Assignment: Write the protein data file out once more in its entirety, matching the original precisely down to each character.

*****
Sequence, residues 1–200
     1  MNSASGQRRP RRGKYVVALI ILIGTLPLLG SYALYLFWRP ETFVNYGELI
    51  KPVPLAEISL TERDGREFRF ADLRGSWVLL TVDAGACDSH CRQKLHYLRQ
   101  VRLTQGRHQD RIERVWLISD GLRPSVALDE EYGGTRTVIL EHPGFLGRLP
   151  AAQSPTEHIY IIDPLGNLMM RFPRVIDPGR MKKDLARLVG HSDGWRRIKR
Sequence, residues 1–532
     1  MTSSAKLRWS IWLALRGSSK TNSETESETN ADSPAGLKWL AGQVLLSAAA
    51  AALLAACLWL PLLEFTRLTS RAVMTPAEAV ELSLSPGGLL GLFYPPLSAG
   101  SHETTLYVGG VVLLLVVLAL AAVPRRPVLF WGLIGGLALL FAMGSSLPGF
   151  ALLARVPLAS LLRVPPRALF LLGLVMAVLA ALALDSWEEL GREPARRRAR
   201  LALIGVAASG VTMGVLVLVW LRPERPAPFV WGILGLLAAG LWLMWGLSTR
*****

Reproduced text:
Sequence, residues 1–200
     1  MNSASGQRRP RRGKYVVALI ILIGTLPLLG SYALYLFWRP ETFVNYGELI
    51  KPVPLAEISL TERDGREFRF ADLRGSWVLL TVDAGACDSH CRQKLHYLRQ
   101  VRLTQGRHQD RIERVWLISD GLRPSVALDE EYGGTRTVIL EHPGFLGRLP
   151  AAQSPTEHIY IIDPLGNLMM RFPRVIDPGR MKKDLARLVG HSDGWRRIKR
Sequence, residues 1–532
     1  MTSSAKLRWS IWLALRGSSK TNSETESETN ADSPAGLKWL AGQVLLSAAA
    51  AALLAACLWL PLLEFTRLTS RAVMTPAEAV ELSLSPGGLL GLFYPPLSAG
   101  SHETTLYVGG VVLLLVVLAL AAVPRRPVLF WGLIGGLALL FAMGSSLPGF
   151  ALLARVPLAS LLRVPPRALF LLGLVMAVLA ALALDSWEEL GREPARRRAR
   201  LALIGVAASG VTMGVLVLVW LRPERPAPFV WGILGLLAAG LWLMWGLSTR